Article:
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The Art of Do-Gooding

Are you actively practicing the art of do-gooding?

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Lynette Kittle



“Thanks so much for opening your home to us,” I wrote, truly thankful to our friends for their helpfulness in relocating to a new area.

Their kindness reminded me of a verse, “Do not withhold good from those to whom it is due, when it is in your power to do it” (Proverbs 3:27).

Practical Do-Gooding

One of the qualities that drew me to my husband years ago was how he reached out and helped people. It was surprising to see a high school student on his own, visiting shut-ins, mowing their lawns, fixing things around their homes, and so on.

His outreach also included being kind to fellow-students who were often left out of groups. As a teenage girl, I witnessed his compassionate do-gooding towards individuals who needed it the most, a quality that demonstrated to me what the wooden, homemade cross he wore around his neck really meant to him.

Opportunities Knocking

Another verse that encourages do-gooding is, “Therefore, as we have opportunity, let us do good to all people, especially to those who belong to the family of believers” (Galatians 6:10).

I remember the many kindnesses Christians have shown our family over the years, especially during circumstances that took us by surprise including a premature birth, being hit by the “No Name Storm of the Century,” and more. During these ordeals we received expressions of service, generosity, and care from individuals who didn’t even know us face-to-face but because of the situation and need stepped in to help.

Because of what we were going through in the moment, I’m sure we missed the depth of their efforts, not realizing how they may have sacrificed to give of their resources, time, and energy to help us.

Yet, these do-gooders have helped to deepen my faith by giving me a clearer picture of my Heavenly Father’s love for me.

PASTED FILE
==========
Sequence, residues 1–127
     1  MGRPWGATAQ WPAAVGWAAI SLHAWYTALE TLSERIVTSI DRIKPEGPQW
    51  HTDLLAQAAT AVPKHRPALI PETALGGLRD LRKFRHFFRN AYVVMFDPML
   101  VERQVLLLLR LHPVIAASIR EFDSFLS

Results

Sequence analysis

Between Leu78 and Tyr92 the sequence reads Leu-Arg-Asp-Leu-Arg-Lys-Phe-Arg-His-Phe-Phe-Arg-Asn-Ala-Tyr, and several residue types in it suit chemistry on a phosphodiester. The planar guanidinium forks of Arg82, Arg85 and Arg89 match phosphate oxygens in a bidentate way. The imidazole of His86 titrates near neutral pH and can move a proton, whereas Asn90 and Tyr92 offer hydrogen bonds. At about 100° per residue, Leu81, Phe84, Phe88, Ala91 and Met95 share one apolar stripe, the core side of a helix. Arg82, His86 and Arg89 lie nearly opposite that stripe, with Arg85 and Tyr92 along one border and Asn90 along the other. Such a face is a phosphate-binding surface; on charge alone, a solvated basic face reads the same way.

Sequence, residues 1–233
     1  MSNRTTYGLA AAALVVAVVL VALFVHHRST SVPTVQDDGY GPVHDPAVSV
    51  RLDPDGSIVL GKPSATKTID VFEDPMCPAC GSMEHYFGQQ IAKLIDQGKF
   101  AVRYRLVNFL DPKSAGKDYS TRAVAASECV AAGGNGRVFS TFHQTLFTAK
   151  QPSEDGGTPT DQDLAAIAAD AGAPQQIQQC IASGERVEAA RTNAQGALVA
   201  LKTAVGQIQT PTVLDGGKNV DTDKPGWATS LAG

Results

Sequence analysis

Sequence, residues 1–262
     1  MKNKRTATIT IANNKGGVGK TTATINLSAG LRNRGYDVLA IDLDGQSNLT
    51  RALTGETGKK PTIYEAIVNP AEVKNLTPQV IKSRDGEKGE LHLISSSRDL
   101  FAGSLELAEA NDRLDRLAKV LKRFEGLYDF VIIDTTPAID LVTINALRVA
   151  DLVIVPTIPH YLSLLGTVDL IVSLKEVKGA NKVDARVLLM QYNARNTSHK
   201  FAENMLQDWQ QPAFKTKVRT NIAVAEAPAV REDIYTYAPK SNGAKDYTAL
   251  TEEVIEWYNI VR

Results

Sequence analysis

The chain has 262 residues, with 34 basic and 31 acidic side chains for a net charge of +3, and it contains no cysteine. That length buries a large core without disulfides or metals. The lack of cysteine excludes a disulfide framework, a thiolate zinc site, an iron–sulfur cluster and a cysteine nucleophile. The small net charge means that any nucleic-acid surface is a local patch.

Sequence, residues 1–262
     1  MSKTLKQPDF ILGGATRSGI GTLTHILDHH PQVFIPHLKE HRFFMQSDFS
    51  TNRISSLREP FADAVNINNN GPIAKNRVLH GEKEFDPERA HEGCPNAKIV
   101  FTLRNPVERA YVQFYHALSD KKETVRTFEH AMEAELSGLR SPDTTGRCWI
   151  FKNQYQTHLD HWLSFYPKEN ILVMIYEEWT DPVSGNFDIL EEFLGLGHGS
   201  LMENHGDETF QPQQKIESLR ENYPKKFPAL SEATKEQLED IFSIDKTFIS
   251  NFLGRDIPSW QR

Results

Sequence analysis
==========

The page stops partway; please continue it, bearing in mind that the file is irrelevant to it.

Original Do-Gooder

From the 1950s until the early 1990s, Romper Room was a popular children’s television series. Opening with the Pledge of Allegiance, it presented children with 30 minutes of games, exercises, songs and moral lessons, even including a prayer of “God is great, God is good. Let us thank Him for our food. Amen” before serving milk and cookies.

One of the recurring characters was Mr. Do-Bee, an oversized bumblebee who served as a good example to viewers of how to treat others.

However, Mr. Do-Bee was not the original do-gooder as Acts 10:38 states, “You know of Jesus of Nazareth, how God anointed Him with the Holy Spirit and with power, and how He went about doing good.”

Jesus was known as a do-gooder. And as the exact representation of God’s nature, His do-gooding drew individuals to God (Hebrews 1:3).

Do-Be A Do-Gooder

Ephesians 2:10 encourages me to do the same stating, “For we are His workmanship, created in Christ Jesus for good works, which God prepared beforehand so that we would walk in them” (Ephesians 2:10).

Like Jesus I’m called to be a do-gooder, to respond to the opportunities God has ready for me, and to represent His nature to those around me.

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Lynette Kittle is married with four daughters. She enjoys writing about faith, marriage, parenting, relationships, and life. Her writing has been published by Focus on the Family, Decision, Today’s Christian Woman,,,,, and more. She has an M.A. in Communication from Regent University and serves as the associate producer for Soul Check TV.

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The Art of Do-Gooding

by Lynette Kittle time to read: 2 min